Ru - RutheniumSee metal norms for Ruthenium
|Chemical Element||Ruthenium||Melting Point °C||2310|
|Chemical Symbol||Ru||Boiling Point °C||3900|
|Atomic Number||44||Density g/cm3||12.4|
Ruthenium is a lustrous, silvery metal of the platinum group, and a member of group 8 of the Periodic Table. It is the 74th most abundant element within the Earth’s crust. Ruthenium is unaffected by air, water, and acids, but dissolves in molten alkalis. Ruthenium is a rare transition metal, and therefore, similarly to osmium and iridium, is extremely expensive.
In 1807, the Polish chemist, Jedrzej Andrei Sniadecki, based at the University of Vilno, began investigating some crude platinum ores from South America, resulting a year later in the discovery of a new metal, which he called vestium, after the asteroid Vesta, which had been first observed the previous year. Sniadecki published his finding in a Russian journal, but he dropped his claim of discovering a new element when a group of leading French chemists had had failed in finding any vestium when they repeated his experiment. In 1825, Jons Jacob Berzelius and Gottfried Wilhelm Osann were investigating some platinum retrieved from the Ural Mountains in Russia. Although Berzelius claimed to have found nothing new, Osann claimed to have found three new metals, including ruthenium, which was proved to be a new metal in 1840 by a former colleague of Osann’s, Karl Karlovich Klaus working at the University of Kazan. He showed that Osann’s was very impure, and set about extracting and purifying his own sample and investigating its properties. The result is that today Klaus is credited with the discovery, but Osann’s name ruthenium, the Latin word for Russia, has remained.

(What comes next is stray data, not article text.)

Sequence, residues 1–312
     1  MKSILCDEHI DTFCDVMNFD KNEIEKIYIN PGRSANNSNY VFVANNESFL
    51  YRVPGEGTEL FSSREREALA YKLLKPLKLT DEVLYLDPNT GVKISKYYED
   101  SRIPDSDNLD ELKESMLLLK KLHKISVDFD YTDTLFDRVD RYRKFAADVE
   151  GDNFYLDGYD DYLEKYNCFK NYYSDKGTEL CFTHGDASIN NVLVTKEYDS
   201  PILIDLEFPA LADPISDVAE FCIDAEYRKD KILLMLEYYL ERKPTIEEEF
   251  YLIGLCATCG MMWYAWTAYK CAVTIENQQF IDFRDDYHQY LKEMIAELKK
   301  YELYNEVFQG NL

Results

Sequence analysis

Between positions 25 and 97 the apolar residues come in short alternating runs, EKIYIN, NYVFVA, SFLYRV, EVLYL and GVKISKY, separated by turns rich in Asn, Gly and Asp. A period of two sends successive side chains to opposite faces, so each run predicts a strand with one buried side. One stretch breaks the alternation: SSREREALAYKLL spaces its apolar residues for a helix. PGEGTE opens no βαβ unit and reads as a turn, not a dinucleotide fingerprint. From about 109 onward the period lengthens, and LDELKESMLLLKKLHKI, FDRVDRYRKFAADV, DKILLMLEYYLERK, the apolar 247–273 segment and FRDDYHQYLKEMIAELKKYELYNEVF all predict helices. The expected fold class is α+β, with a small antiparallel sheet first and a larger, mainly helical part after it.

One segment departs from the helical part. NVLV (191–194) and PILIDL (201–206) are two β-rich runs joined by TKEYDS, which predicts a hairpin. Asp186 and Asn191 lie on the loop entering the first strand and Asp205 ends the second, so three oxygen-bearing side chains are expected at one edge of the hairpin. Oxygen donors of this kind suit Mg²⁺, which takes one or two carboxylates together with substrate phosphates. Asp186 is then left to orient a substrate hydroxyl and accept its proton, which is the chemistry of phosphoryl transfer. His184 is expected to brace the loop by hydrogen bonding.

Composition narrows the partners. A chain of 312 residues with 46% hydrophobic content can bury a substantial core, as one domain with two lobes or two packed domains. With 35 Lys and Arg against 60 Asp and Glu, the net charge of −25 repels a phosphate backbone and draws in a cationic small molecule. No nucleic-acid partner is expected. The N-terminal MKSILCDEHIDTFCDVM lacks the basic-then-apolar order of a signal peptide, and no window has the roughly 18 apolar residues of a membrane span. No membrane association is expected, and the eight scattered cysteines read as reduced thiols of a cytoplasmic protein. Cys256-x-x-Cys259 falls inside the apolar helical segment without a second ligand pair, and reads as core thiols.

Ruthenium is a very rare metal, with only 12 tonnes per year being extracted, and with a global reserve at around 5,000 tonnes. Similarly to most other platinum group metals, it is mined as a by product of nickel.
Ruthenium acts as a catalyst in some platinum alloys, but the majority of it is used within the electrical industry (51%), where it is used for electrical contacts and chip resistors, and a further 40% used in the chemical industry. Other uses are in dye sensitized solar cells, where it is used to turn sunlight directly into electricity, and in the anodes for chlorine production in electro-chemical cells. Finally some ruthenium is used in the alloying of platinum and titanium, for example to make platinum harder for jewellery making, and is added to the titanium for deep water pipes to increase corrosion resistance.
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- Stwertka, Albert. A Guide to the Elements, 3rd Edition, Oxford University Press, 2012